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Computer prodigy
Jonathan Porta owns OSP Enterprises and is a senior at Senior High. His employees are Owen Haacke, left, and Jessica Pocha. The company specializes in Web site development, graphic design, computer repair and more.

Jonathan Porta's journey into entrepreneurship has been more thrilling than a carnival ride, more satisfying than the typical things teenagers do to make money.

"I'm excited for the future," said the owner of OSP Enterprises. The company specializes in Web site development, graphic design, e-commerce, Web hosting and computer repair.

The 18-year-old high school student faces challenges that are typical in most small businesses. He's looking for the most effective way to advertise and has hired two employees to handle a mounting work load. He's even familiar with the less glamorous aspects of running his own business, like turning a nonpaying customer over to a collection agency.

And, if the business doesn't keep him busy enough, Porta is wrapping up his senior year at Senior High and taking two classes at Rocky Mountain College.

And he's having the time of his life.

"I really love the entrepreneurial spirit, but I still don't really know," Porta said when asked about his career aspirations. "I'll go to Rocky and double-major in computer science and business management. But otherwise, I'm going to keep running my company and serving my clients."

Bill Porta said his son became hooked on computers not long after he started school.

"When he was 7, I let him play with my computer, but after a few months he was far ahead of me," the elder Porta said. "I hired a guy to be his computer tutor, and for a year and a half they built a computer together and did some coding, things like that."

Jonathan Porta remembers he was 8 years old when he received his own computer. "I don't know why I got it, but I know I was 8," he said. "It was from my aunt. She owned a computer store in California and she sent me one."

That computer became the catalyst to Porta's business career.

"Basically, I broke it a bunch of times trying to figure out how it works, so I had to learn how to fix it," he said.

Vince Long, a technology education teacher at Senior High, said Porta proved to be a fast learner when he took a computer programming course as a freshman.

"I noticed he was really going through the assignments and looking at the next semester's courses," Long said.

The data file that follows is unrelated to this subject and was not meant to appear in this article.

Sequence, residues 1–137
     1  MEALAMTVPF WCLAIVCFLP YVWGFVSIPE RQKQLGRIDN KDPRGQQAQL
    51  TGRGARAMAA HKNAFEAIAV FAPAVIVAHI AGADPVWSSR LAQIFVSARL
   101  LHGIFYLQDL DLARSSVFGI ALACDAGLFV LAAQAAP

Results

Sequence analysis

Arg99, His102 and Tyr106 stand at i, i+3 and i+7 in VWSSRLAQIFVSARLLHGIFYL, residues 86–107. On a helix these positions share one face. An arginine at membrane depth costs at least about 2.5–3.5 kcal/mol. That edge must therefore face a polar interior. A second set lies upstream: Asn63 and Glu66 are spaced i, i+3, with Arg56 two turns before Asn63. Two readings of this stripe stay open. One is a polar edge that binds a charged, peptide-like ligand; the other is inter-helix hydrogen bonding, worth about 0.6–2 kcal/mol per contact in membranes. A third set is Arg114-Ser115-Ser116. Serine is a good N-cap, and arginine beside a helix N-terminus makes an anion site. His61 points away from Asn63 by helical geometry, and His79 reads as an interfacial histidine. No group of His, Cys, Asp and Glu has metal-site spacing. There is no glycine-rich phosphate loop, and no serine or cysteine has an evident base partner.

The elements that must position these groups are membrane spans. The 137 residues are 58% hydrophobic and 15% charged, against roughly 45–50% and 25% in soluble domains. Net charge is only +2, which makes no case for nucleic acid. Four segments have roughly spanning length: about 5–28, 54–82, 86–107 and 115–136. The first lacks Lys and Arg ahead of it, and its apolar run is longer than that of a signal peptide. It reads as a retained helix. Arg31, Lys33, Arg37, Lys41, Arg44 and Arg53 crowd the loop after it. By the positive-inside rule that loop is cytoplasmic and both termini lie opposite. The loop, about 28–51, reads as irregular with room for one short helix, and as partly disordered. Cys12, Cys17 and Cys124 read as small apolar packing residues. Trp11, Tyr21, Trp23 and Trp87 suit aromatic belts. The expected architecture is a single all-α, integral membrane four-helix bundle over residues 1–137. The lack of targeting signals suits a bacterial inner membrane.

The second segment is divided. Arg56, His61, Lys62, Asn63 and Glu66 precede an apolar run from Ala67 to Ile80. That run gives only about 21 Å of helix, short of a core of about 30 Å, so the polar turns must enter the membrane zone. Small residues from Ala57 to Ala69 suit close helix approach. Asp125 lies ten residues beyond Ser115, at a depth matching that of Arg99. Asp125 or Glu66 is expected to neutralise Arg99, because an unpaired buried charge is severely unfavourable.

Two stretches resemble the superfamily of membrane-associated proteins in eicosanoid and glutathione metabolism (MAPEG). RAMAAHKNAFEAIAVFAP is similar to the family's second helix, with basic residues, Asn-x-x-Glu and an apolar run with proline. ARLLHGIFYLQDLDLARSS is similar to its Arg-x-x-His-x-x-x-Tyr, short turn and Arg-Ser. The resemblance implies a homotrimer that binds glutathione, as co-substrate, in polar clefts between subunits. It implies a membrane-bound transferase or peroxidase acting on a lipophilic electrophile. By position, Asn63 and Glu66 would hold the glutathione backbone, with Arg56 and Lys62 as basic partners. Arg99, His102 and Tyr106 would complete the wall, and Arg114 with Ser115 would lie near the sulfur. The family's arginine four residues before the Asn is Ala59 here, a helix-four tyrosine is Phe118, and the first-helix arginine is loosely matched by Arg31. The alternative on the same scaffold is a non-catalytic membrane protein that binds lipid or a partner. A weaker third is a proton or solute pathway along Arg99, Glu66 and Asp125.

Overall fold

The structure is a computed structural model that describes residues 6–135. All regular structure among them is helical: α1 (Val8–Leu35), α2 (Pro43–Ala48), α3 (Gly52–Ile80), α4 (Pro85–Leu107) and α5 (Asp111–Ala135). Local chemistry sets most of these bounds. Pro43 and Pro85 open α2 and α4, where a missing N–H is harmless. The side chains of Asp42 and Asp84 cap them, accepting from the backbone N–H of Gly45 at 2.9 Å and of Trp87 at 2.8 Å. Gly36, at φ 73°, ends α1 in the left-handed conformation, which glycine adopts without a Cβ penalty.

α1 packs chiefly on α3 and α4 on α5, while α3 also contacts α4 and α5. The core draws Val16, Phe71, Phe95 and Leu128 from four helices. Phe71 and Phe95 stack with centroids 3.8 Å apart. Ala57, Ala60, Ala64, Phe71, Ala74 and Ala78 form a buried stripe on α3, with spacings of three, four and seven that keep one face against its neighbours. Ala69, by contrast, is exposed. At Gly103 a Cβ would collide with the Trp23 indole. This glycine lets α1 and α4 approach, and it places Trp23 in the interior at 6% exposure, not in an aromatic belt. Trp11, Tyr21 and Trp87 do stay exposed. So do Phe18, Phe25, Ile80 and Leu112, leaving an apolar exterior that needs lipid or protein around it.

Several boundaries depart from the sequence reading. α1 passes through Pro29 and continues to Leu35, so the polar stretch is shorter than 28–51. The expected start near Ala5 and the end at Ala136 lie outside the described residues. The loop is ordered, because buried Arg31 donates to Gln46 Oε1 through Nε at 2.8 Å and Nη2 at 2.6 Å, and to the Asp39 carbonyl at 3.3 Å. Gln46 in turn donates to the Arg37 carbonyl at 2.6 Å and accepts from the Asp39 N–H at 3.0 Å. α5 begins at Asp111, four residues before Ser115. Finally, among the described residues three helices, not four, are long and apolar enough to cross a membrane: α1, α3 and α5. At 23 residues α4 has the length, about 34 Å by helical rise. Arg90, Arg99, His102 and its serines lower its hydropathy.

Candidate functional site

Over Christmas break, while most kids were kicking back during their time off, Porta kept busy with programming.

"He started showing me all of this cool stuff that he had done, so I put him on his own program," Long said. "He's just always wowed me with the cool things that he's done. Everything he's interested in had a direct application to the business world. Making money wasn't his initial goal, but the technology was great and he figured out he could make money."

One of Porta's earliest jobs was to develop a Web site for Metro Electric, a Billings electrical contractor.

"I came to him with a project to make my business run a little smoother," said Mike Cuellar, owner of Metro Electric. "It allows my employees to get on the Internet and find information about what jobs they'll do and a place to report their hours," Cuellar said.

Cuellar said he had no qualms about hiring somebody so young. "Jonathan and my son were in school together. He lived in the neighborhood and we knew him," Cuellar said.

In order to develop the interactive sections of Metro Electric's Web site, Porta had to learn PHP, a programming language.

"I talked to Mike and told him that I didn't know the language yet. So I pretty much did nothing but learn PHP for about 10 days," Porta said. "It was pretty weird because I was writing code in class. I didn't let my grades drop. I propped them up somehow. But that's all I did for 10 days."

Other customers say Porta is developing his business skills.

"He did a Web site for us, but now he's been bugging me to sit down and redo it because he's learned a few more tricks," said Gary Angel, owner of Triple J Services, a Billings cleaning company.

Porta said he did Web sites and computer repairs on his own throughout high school. But as business has picked up, he became more serious about it. He got a business license, rented office space and brought in some help.

"I used to do all of this myself, but I realized I wasn't going to keep up with all of it if I didn't have some people working for me," he said.

He brought in his friend Owen Haacke, also a Senior High student, who specializes in graphics.

"I'm good at that, but it's a real big asset to have Owen," Porta said.

Jessica Pocha keeps the business's books and provides a lot of content for Web sites, Porta said.

Porta says running the business provides a sense of accomplishment and boosts his self-esteem.

"I did cross-country in high school and have played some soccer, but this business stuff has been really positive for me," he said.

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